Wednesday, September 1, 2010
About nine species of plantain have been recorded in the Maltese islands. They are small plants with small wind-pollinated flowers. Many species have medicinal properties while some are edible and can be used in salads and sauces.
About 200 species of plantain have been identified. They are found in different habitats throughout the world especially in wet areas. Some species are weeds and can grow along road sides and in other disturbed habitats. The inflorescence develops on a stalk which ranges in height from 5 to 40 cm and can be in the shape of a cone or spike with large numbers of small flowers.
Plantains have been used since antiquity externally to treat insect bites, rashes and minor sores as well as internally as a treatment for coughs, bronchitis and other conditions. In folklore it was believed to be an effective cure for snakebite.
One of the most common species of plantain in Malta is the Mediterranean plantain (biżbula) which can be seen in flower from late winter to late spring in cultivated and waste ground. Another common species is the buck’s horn plantain (salib l-art). This species flowers from March to October. Another species that flowers during the same period is the greater plantain (biżbula kbira). This species can be found in damp shady valleys such as Fiddien where the specimen shown in the picture was photographed.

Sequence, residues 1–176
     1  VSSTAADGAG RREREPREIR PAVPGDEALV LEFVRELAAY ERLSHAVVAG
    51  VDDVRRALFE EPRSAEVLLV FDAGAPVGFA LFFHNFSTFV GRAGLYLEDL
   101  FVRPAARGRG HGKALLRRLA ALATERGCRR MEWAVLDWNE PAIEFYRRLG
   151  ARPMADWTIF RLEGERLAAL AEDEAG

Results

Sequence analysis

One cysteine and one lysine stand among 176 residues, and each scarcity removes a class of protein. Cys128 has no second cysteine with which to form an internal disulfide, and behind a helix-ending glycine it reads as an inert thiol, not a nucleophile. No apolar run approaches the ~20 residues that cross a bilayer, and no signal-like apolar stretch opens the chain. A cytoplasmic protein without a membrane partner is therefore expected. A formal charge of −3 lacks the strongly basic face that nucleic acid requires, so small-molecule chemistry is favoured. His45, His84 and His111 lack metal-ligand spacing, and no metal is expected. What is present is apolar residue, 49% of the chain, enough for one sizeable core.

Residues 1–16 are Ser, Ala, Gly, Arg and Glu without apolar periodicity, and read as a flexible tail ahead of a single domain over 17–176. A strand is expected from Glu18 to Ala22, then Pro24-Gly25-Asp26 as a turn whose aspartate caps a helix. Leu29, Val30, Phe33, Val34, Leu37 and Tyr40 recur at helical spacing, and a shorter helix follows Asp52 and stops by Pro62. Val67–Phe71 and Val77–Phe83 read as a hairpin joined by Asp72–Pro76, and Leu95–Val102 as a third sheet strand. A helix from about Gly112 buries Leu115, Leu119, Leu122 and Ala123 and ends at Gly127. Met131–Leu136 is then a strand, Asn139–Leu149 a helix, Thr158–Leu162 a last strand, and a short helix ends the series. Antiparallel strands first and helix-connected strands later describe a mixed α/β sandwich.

The greater plantain is native to most of Europe, northern and central Asia and has become a naturalised weed wherever European colonisation took place. Some Native Americans called it “Englishman’s foot because it appeared wherever the white settlers set foot.
It is a powerful coagulant and quickly staunches the flow of blood and encourages the repair of damaged tissue hence it is used to treat bruises and broken bones. It has been used as a field dressing and is often known as ‘Soldier’s Herb’. It has also been used to prevent uterine bleeding after childbirth.
Some cultivars are used in gardens for their ornamental value and because its leaves are an important food for the caterpillar of many species of butterflies. (This article was published in The Times on 31.08.2010)